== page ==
Every director has a personal set of instruments to affect the audience. Back in the 1930s both spectators and visual impact factors differed from those existing now. Nowadays, while watching Lang’s M (1931), some visual aspects, the choice of camera angles, length of shots, cast, and overall construction of mis en scene might seem strange or even funny. Though Lang succeeded in shaping the panic impact through non-living objects being as meaningful as people or sounds.
Personally, one of the most impressive parts of the movie is the part that shows how the girl disappears and how her mother is waiting for her. What is interesting is that this part shows very few people and sometimes even no one. The director was able to convey the sense of panic by filling the shot with things that bear such a big meaning that even no words or people are needed to explain the context (Ebert, 1997).

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The girl plays with a ball. She looks secluded from the rest of people as she walks to the information post with the poster about the missing children and reward. What is in the shot? What is behind the shot? What conveys the panic in the shot? Although it is hard to assume that the girl actually plays with the ball and reads, the shot is centered on the poster with the ball that bounces off the post. I guess the real message was to unite the girl with the missing children, while the ball was the countdown of her last minutes.

The shot that does not contain any person conveys a meaningful message about both involved characters. The big letters of the poster are the destiny of little Elsie, the last page of her life that interacts with her ball and approaching shadow. The poster, the shadow, and the ball are the three non-living objects that reflect the tension of the event. The voice behind the scene says, “You have a very beautiful ball. What’s your name?” (M, 1931).

This short voice intrusion touches panic, and since then the audience sees nothing that would directly tell how the girl was killed. Later, spectators see only a ball rolling out of the bushes and a balloon. The murderer took her live as easily as the wind took her balloon up into the electric lines and away. Again, Fritz Lang uses objects to portray the dramatic outcome of events. No people or words are necessary to prove that it was the last moment of the girl’s life. Even if there were no sound of a gunshot, the audience would understand the context of the ball and the balloon.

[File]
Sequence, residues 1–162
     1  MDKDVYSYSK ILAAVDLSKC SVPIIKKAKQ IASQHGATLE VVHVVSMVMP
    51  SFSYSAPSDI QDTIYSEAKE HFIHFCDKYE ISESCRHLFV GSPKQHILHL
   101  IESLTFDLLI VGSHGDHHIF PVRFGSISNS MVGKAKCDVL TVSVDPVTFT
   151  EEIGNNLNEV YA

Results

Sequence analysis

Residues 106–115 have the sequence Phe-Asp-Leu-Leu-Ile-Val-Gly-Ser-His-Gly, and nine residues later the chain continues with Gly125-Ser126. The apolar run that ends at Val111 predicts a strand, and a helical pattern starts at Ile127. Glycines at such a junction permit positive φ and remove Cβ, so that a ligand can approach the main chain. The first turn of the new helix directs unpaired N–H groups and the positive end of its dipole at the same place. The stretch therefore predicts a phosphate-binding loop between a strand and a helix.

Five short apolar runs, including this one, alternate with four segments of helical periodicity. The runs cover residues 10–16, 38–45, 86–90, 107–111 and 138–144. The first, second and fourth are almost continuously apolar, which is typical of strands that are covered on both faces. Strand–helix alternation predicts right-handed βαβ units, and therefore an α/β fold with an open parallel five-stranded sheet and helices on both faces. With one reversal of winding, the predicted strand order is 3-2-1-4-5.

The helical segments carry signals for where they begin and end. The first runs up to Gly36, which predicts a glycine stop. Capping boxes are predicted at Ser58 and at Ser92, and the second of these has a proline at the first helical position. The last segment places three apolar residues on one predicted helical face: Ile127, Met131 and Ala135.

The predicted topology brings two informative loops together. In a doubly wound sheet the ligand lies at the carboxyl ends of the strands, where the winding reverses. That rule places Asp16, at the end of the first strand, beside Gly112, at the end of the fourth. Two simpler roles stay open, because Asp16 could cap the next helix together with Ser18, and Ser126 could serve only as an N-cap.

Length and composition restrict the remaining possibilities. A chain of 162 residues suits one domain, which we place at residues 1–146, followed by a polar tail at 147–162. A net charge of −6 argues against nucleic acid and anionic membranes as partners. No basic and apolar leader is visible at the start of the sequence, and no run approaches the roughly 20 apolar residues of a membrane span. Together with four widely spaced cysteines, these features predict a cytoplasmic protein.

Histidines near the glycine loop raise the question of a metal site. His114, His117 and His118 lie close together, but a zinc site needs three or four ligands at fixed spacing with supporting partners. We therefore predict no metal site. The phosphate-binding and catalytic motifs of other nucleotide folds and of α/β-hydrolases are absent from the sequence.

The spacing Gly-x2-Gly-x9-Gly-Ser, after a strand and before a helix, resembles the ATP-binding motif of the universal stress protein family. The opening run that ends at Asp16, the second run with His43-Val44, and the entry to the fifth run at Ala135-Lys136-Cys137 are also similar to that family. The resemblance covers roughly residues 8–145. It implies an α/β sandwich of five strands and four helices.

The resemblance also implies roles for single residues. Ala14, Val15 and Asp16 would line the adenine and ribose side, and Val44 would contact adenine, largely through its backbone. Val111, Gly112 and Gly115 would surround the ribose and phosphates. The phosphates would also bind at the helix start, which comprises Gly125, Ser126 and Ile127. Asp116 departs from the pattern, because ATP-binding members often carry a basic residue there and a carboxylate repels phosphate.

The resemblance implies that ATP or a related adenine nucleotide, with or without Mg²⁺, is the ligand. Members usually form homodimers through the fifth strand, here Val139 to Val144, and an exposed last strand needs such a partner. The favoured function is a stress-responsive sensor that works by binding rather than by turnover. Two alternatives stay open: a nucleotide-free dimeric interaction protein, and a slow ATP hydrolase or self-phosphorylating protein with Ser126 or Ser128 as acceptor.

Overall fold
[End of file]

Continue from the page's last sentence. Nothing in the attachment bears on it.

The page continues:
And finally, the scene where Elsie’s mother starts to worry. She follows her daily routine until the clock warns her that something is wrong in the sequence of the day. Apart from her growing worries, several non-living objects, including an already mentioned wall clock, signify the last moments before the girl was murdered. Together with Elsie’s ball, the clock played the same role and escalated the panic. Moreover, just before the audience could see the ball last time, Lang used three more people-empty symbols to continuously rise the panic: an empty staircase, an empty attic, and an empty chair in front of the table laid for the girl’s meal.

Regarding this part of the movie, Fritz Lang focused on objects as symbols that convey the meaning of escalating panic in the audience and further panic in the shaken society. The objects – ball, shadow, balloon, poster, wall clock, empty staircase, attic, and laid table – are the combination of the director’s talent and the legacy of silent movies with bigger emphasis on images that used to deliver a greater portion of the emotional impact.

  • M. Dir. Fritz Lang. Nero-Film, 1931.
  • Ebert, Roger. “M Movie Review & Film Summary (1931) | Roger Ebert.” Roger Ebert. Ebert Digital LLC, 03 Aug. 1997. Web. 11 Sept. 2016.